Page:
Sunday, March 3, 2013

How many of your secrets do you have to tell to get into a co-op? Or condo?

There’s no question that buying a co-op involves a serious invasion of the buyer’s privacy.  But the truth is, today, buying a condo is often just as invasive.

If you want to buy either, you’re just going to have to bite the bullet and prepare to bare.  Your consolation is that so does everybody else. 
And in a co-op, it means that your neighbors are all highly qualified and nobody’s going to default, sticking you and the other tenant-shareholders with their share of the maintenance.

The typical co-op or condo board application requires most if not all of the following:

A highly detailed application form of several pages which includes, among many other things, employment information and history, memberships in any clubs, societies, fraternities or boards which the applicant believes would be beneficial to the building, and whether not the applicant and/or any other proposed occupants of the co-op has ever been convicted of a felony. 
(The one I’m looking at says “If yes, please explain,” but I would say if yes, forget about it.)

An equally highly detailed financial statement including an itemized schedule of cash, stocks, bonds, mutual funds, real estate, and other assets.  Verification of all of these--current statements--is required. 

Answers to many other personal questions about any bankruptcies, judgments, foreclosures, lawsuits, defaults that may be lurking in the applicant’s past. 

The contract of sale

If the purchase is financed, loan information including the application, commitment letter and recognition agreement.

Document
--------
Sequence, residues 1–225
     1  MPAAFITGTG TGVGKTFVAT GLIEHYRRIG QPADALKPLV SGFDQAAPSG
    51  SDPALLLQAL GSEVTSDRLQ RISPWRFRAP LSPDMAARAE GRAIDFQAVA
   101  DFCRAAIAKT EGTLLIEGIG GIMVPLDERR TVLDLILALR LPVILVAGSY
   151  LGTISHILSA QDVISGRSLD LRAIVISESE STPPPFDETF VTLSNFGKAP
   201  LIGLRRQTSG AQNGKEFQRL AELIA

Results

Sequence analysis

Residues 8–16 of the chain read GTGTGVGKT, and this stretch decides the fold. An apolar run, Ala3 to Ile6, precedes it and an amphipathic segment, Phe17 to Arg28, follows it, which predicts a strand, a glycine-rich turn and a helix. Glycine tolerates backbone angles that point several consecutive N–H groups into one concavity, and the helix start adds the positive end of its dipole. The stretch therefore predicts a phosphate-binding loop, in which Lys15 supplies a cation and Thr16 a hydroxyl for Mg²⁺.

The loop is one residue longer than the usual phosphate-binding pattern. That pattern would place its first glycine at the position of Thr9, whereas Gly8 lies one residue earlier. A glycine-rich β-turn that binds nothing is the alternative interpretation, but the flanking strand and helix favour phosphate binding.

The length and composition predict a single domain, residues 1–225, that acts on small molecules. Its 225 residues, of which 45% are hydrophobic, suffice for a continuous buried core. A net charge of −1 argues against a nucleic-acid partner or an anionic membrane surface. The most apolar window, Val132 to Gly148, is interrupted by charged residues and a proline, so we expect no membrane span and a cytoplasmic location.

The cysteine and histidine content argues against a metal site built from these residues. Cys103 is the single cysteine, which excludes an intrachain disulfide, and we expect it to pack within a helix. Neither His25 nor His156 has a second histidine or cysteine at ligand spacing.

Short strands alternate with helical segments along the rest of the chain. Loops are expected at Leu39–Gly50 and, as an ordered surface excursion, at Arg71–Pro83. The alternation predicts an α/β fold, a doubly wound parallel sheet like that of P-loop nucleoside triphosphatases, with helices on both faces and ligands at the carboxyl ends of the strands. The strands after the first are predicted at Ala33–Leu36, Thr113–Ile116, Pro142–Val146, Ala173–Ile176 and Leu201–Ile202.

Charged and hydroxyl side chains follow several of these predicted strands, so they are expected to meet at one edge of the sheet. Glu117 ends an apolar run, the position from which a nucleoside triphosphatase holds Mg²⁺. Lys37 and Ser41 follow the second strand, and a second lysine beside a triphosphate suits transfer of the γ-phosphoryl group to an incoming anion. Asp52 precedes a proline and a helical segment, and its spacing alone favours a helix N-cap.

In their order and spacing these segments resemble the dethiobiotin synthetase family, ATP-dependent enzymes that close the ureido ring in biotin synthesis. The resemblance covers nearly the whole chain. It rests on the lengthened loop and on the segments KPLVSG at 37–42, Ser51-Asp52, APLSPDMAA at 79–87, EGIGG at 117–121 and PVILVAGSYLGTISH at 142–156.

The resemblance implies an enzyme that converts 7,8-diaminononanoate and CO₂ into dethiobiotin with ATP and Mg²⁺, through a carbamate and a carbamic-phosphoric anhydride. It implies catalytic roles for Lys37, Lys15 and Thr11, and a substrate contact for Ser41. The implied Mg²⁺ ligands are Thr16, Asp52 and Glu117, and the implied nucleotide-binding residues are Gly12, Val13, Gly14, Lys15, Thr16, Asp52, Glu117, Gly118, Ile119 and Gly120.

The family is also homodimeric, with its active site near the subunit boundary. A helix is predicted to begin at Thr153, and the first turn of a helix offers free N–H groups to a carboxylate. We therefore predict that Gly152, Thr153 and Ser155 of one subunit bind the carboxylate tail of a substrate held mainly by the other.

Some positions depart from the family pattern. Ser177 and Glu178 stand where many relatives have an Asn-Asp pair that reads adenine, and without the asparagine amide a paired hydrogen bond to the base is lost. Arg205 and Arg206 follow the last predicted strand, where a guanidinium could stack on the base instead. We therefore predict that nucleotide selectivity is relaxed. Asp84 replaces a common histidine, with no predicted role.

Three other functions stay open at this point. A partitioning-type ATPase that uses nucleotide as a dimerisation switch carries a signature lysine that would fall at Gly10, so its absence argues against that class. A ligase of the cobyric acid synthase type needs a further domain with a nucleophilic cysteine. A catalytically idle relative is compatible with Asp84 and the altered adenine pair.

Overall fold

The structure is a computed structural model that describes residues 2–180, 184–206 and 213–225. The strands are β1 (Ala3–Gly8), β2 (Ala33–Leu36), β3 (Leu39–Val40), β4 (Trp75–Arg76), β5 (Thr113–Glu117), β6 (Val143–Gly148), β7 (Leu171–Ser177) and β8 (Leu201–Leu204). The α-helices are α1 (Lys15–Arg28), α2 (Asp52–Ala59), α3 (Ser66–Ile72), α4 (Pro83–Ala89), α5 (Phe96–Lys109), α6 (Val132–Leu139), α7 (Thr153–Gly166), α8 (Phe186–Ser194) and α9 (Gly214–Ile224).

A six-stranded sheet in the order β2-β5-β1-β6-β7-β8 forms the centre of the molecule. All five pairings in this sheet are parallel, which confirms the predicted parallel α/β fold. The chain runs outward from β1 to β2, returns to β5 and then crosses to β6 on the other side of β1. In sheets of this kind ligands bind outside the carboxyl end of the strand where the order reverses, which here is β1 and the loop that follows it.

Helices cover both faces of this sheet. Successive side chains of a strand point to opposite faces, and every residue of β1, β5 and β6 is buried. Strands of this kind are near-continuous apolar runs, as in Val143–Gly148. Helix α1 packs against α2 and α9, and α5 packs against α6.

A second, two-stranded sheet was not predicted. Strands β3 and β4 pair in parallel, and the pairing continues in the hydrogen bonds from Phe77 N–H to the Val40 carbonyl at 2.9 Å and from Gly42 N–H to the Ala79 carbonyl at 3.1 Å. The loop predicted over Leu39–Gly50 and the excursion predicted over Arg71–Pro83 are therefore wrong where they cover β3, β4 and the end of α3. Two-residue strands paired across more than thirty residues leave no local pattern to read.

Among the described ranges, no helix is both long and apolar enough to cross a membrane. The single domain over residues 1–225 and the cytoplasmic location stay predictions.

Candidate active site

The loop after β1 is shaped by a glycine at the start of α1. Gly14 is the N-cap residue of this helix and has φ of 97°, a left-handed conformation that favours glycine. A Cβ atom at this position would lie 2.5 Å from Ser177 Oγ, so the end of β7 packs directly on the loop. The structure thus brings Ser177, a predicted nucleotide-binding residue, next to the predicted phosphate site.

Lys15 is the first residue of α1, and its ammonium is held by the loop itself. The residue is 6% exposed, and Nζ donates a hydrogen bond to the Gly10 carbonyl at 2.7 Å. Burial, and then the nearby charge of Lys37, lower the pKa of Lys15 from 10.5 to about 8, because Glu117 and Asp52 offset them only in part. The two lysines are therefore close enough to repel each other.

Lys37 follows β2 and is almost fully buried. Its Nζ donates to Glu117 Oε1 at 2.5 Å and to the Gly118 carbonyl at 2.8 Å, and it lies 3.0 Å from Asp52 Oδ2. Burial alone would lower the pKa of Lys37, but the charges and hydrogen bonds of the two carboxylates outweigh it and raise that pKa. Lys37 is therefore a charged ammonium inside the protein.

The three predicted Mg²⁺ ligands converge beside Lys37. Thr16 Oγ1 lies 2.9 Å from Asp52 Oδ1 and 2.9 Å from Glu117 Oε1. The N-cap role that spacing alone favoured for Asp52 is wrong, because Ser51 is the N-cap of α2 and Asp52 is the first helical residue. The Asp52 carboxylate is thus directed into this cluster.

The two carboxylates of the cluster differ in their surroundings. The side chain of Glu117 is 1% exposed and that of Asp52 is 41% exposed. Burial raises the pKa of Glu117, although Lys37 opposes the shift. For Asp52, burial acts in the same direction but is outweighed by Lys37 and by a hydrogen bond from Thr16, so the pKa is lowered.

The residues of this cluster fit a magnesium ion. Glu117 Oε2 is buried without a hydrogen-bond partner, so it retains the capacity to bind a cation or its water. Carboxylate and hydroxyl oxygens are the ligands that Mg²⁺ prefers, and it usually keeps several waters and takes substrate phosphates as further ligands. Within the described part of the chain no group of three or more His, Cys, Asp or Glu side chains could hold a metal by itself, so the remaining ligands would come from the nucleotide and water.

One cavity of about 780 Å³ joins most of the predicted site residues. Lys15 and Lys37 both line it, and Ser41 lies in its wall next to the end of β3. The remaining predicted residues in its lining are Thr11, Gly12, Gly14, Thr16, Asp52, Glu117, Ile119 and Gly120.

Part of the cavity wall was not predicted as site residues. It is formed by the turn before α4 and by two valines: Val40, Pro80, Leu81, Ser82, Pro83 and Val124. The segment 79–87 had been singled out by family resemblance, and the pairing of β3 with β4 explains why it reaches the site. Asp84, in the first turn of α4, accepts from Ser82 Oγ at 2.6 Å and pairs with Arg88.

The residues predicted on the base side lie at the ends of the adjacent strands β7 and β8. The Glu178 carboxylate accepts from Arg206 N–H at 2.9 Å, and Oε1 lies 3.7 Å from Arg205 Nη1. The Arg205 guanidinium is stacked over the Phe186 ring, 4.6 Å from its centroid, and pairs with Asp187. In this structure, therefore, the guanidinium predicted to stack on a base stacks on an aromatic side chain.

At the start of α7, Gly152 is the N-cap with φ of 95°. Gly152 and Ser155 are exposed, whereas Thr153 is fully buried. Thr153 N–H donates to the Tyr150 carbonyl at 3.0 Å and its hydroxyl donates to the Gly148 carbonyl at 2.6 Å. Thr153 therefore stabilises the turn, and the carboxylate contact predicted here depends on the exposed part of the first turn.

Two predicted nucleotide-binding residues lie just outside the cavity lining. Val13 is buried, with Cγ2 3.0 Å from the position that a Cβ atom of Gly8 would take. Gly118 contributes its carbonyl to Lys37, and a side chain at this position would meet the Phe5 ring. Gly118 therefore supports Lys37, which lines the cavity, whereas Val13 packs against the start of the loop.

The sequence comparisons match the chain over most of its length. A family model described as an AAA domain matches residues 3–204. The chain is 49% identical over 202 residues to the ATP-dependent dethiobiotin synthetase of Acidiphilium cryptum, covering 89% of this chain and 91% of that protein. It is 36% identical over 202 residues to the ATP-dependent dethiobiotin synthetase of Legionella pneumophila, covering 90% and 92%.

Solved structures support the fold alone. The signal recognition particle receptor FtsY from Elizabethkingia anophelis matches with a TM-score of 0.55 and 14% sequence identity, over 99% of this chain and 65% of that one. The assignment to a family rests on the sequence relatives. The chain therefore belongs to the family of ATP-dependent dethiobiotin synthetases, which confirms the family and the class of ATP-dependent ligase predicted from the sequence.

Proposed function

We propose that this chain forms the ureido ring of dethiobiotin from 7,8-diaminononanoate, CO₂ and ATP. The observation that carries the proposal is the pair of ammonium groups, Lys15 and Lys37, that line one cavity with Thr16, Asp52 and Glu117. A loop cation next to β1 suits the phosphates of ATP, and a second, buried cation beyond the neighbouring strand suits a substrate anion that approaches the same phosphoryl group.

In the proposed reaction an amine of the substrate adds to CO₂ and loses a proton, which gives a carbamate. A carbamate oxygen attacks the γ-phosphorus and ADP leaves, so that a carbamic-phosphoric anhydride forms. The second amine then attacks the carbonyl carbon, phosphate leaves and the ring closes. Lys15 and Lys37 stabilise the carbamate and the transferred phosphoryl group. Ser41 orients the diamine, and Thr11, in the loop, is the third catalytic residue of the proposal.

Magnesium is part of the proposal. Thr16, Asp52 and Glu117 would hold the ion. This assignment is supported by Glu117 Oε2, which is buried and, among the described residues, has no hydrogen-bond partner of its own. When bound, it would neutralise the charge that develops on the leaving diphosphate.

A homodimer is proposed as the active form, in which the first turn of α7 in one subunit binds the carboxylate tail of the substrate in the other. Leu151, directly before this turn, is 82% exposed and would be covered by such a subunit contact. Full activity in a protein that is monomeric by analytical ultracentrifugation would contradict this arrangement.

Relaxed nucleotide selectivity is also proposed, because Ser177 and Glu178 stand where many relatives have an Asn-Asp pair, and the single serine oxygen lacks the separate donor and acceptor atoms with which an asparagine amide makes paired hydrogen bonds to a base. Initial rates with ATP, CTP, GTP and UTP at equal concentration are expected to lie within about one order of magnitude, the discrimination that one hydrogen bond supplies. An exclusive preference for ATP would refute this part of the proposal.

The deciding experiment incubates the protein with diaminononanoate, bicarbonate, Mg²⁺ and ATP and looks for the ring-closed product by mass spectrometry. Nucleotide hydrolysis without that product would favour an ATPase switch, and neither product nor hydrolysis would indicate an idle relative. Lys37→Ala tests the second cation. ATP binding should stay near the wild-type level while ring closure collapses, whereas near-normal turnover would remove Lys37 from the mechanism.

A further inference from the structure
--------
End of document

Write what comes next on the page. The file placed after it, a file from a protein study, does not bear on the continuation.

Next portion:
Applicant’s  most recent two to three years’ income tax returns and W-2 forms

Letter from employer verifying employment, annual salary, bonus if any, position and length of employment.  If self-employed, a letter from CPA or accountant stating income.

Three business and three personal reference letters

Reference letter from current landlord or managing agent stating length of residence and payment history.  (Yes, you can leave this out if you currently live in your own house.)

Personally, I have always thought that the financial information should be reviewed ONLY by the managing agent and the treasurer of the board, and they should deliver a yea or nay.  If it’s yea, then the board could review the personal and other, non-financial information. 
But nobody’s asked me what I think.

The law says that a co-op can reject a buyer for any legal reason it wants to, including (as one seller reminded me) an objection to the shape of the buyer’s ears. 
Of course, it’s illegal to reject a buyer because of race, color, creed, religion, sex, sexual orientation, military status, age, disability, ancestry, familial status, national origin, or any other grounds prohibited by city, state or federal law.

A condo can not reject a buyer.  All a condo board can do if for some reason they don’t want the buyer in their building is buy the apartment itself at the contract price. 
This happens approximately never.  But they still want approximately the same amount of information.  I don’t see why this should be, but once again, nobody’s asked me.
Your broker takes care of all the organizing, typing, etc.  All you have to do is gather the information.
Do not for one second imagine that you can leave any space blank or omit anything that's requested.  The managing agent will send your package right back to your broker and will not accept it until it's complete.

If you’re buying a condo, there’s one way out of this:  buy it via a limited liability or other kind of corporation.  The corporation’s information will have to be disclosed, but not yours.  Establishing a corporation requires a legal process. Ask your attorney for details. 

Many celebrities buy through corporations because, as sales information is public, it’s a way of hiding a home address.   
Co-ops, as a rule, do not allow this kind of purchase.  (They also do not allow purchase by anyone with diplomatic immunity, as there’s no way to collect maintenance charges if the buyer defaults.)

The only real way to maintain privacy is to buy a house.  With cash.  Because if you want to borrow the money, you’re still going to have to answer a lot of nosy questions.

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